Optical and Quantum Electronics

, Volume 34, Issue 9, pp 883–891

Structural and optical properties of ZnO film by plasma-assisted MOCVD

  • X. Wang
  • S. Yang
  • J. Wang
  • M. Li
  • X. Jiang
  • G. Du
  • X. Liu
  • R.P.H. Chang
Article

Abstract

High quality ZnO film was deposited by plasma-assisted metal-organic chemical vapor deposition (MOCVD). We observed a dominant peak at 34.6° due to (0 0 2) ZnO, which indicated that the growth of ZnO film was strongly C-oriented. The full-width at half-maximum (FWHM) of the ω-rocking curve was 0.56° indicating relatively small mosaicity. Photoluminescence (PL) measurement was performed at both room temperature and low temperature. Ultraviolet (UV) emission at 3.30 eV was found with high intensity at room temperature while the deep level transition was weakly observed at 2.513 eV. The ratio of the intensity of UV emission to that of deep level emission was as high as 193, which implied high quality of ZnO film. From PL spectrum at 10 K, we observed A-exciton emission at 3.377 eV and D°X bound exciton transition at 3.370 eV. The donor–acceptor transition and LO phonon replicas were observed at 3.333 and 3.241 eV respectively. Raman scattering was performed in back scattering at room temperature. The E2, A1(LO) and A1(TO) mode was seen at 437.6, 575.8 and 380 cm−1 respectively. In comparison with Raman spectrum of ZnO powder, we found that ZnO film was nearly free of strain, which indicated high crystal quality.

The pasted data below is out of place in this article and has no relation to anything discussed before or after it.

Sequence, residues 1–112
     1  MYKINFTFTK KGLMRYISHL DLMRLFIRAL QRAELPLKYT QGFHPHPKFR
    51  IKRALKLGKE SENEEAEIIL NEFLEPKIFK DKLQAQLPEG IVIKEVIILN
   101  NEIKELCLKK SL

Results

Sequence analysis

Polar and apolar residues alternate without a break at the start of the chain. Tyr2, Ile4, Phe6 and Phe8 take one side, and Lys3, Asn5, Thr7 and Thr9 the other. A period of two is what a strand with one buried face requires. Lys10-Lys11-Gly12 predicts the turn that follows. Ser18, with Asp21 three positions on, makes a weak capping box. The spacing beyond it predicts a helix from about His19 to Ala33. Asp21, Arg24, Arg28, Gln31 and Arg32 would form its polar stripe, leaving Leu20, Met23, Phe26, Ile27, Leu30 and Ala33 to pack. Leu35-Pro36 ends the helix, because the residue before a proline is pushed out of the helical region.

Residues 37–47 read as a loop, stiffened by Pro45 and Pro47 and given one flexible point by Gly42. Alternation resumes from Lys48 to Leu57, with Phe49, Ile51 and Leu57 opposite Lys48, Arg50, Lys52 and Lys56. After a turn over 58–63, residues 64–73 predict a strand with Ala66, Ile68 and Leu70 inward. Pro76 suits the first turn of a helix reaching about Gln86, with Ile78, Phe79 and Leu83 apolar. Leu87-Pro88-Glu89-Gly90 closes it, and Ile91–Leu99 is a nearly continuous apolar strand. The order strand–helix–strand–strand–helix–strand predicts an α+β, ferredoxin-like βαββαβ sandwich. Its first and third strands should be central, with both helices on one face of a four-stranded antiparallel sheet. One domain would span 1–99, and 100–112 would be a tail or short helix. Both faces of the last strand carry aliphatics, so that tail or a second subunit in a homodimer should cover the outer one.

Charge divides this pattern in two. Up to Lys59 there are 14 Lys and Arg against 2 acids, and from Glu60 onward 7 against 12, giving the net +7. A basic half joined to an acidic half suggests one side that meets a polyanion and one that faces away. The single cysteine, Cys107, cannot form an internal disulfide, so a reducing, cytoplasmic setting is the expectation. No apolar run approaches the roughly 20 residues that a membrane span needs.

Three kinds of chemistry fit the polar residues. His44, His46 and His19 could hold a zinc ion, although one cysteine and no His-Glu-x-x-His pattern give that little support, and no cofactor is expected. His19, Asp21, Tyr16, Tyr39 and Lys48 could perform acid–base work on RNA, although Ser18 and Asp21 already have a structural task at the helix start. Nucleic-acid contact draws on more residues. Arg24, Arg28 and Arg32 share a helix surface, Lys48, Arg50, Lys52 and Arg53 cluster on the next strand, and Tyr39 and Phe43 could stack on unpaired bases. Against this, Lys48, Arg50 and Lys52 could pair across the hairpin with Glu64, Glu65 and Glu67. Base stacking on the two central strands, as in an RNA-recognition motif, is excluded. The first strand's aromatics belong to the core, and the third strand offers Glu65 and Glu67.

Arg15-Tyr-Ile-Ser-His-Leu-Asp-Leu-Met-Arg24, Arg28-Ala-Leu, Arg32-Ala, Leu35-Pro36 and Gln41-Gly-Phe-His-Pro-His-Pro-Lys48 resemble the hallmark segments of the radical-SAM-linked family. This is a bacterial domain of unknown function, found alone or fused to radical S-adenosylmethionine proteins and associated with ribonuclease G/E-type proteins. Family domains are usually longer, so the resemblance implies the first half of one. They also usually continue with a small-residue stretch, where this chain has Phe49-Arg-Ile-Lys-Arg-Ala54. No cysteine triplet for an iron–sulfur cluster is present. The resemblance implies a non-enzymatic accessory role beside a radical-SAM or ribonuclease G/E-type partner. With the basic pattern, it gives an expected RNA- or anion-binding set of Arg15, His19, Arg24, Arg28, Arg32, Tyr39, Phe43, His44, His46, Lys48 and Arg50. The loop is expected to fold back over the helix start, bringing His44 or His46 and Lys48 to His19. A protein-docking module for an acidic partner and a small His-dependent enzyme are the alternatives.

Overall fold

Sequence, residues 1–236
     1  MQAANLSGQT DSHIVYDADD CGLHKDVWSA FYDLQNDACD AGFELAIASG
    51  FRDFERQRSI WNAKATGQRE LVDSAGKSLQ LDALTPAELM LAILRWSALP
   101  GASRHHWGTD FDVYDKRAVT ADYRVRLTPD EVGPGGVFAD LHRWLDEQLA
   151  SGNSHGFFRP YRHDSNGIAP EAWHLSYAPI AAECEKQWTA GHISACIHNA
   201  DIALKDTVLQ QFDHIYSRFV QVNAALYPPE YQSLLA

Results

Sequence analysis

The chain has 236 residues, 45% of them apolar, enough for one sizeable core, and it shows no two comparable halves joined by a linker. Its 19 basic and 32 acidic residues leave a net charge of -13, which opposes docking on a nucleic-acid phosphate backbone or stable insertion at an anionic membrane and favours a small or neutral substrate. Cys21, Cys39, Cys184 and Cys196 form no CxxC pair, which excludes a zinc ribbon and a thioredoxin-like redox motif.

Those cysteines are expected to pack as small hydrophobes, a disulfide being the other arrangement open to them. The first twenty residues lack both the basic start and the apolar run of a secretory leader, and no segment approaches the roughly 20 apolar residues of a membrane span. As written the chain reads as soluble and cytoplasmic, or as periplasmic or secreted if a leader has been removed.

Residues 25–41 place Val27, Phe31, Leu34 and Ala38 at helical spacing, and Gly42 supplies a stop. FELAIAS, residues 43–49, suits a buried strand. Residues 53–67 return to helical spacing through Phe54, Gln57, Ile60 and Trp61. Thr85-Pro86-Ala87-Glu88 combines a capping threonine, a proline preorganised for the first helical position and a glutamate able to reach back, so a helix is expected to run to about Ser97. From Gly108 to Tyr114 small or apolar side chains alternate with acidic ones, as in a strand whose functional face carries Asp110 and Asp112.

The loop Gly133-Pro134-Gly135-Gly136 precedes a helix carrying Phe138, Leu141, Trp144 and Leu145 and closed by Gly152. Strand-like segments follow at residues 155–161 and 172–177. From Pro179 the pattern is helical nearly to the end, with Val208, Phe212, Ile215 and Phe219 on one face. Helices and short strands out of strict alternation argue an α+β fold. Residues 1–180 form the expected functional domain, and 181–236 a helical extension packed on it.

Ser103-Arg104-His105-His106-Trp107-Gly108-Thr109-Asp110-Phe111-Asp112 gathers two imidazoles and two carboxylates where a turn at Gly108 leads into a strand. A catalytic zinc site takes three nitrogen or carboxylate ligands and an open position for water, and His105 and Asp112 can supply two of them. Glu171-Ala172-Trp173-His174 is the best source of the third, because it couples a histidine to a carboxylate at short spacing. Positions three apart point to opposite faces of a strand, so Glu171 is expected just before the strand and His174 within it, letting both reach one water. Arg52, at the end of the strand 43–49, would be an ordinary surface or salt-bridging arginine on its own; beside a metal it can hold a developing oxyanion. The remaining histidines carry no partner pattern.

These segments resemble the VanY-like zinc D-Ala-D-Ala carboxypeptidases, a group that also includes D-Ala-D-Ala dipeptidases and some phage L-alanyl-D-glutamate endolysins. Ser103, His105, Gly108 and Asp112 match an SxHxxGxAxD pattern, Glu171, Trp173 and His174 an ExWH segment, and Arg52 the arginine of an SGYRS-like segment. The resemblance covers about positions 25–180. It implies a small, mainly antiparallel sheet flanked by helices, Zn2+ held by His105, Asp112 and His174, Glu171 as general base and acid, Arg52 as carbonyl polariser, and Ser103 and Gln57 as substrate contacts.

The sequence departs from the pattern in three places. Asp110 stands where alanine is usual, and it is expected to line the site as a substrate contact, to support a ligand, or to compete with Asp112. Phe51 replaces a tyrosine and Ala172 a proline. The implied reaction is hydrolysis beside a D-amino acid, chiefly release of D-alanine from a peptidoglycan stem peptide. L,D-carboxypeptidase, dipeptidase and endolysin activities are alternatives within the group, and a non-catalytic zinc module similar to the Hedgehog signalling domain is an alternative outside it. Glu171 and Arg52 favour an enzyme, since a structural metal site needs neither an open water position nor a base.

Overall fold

photoluminescence raman scattering ultraviolet emission ZnO 

Preview

Unable to display preview. Download preview PDF.

Unable to display preview. Download preview PDF.

References

  1. Bagnall, D.M., Y.F. Chen, Z. Zhu, et al. Appl. Phys. Lett. 70 2230, 1997.Google Scholar
  2. Bagnall, D.M., Y.F. Chen, Z. Zhu, et al. Appl. Phys. Lett. 73 1038, 1998.Google Scholar
  3. Bethke, S., K. Pan and B.W. Wesseis. Appl. Phys. Lett. 52 138, 1988.Google Scholar
  4. Bylander, E.G. J. Appl. Phys. 49 1188, 1978.Google Scholar
  5. Calleja, J.M. and M. Cardona. Phys. Rev. B 16 3753, 1977.Google Scholar
  6. Cao, H., Y.G. Zhao, H.C. Ong, et al. Appl. Phys. Lett. 73 3656, 1998.Google Scholar
  7. Chen, Y.F., D.M. Bagnall, Hang-jun Koh, et al. J. Appl. Phys. 84 3912, 1998.Google Scholar
  8. Gorla, C.R., N.W. Emanetoglu, S. Liang, et al. J. Appl. Phys. 85 2595, 1999.Google Scholar
  9. Kumano, H., A.A. Ashrafi, A. Heta, et al. J. Cryst. Growth 214–215 280, 2000.Google Scholar
  10. Reynolds, D.C., D.C. Look and B. Jogni. Solid State Commun. 101 643, 1997.Google Scholar
  11. Ryu, Y.R., S. Zhu, J.D. Budai, et al. J. Appl. Phys. 88 201, 2000.Google Scholar
  12. Sang II Park, R.S. Cho, S.J. Doh, et al. Appl. Phys. Lett. 77 349, 2000.Google Scholar
  13. Tang, Z.K., G.K.L. Wong, P. Yu, et al. Appl. Phys. Lett. 72 3270, 1998.Google Scholar
  14. Vanheusden, K., W.L. Warren and C.H. Seager. J. Appl. Phys. 79 7983, 1996.Google Scholar
  15. Wu, H.Z., K.M. He, D.J. Qiu and D.M. Huang, J. Cryst. Growth 217 131, 2000.Google Scholar

Copyright information

© Kluwer Academic Publishers 2002

Authors and Affiliations

  • X. Wang
    • 1
  • S. Yang
    • 1
  • J. Wang
    • 1
  • M. Li
    • 1
  • X. Jiang
    • 1
  • G. Du
    • 1
  • X. Liu
    • 2
  • R.P.H. Chang
    • 2
  1. 1.Department of Electronic Engineering, State Key Lab on Integrated OptoelectronicsJilin UniversityChangchunPeople's Republic of China
  2. 2.Materials Research CenterNorthwestern UniversityUSA

Personalised recommendations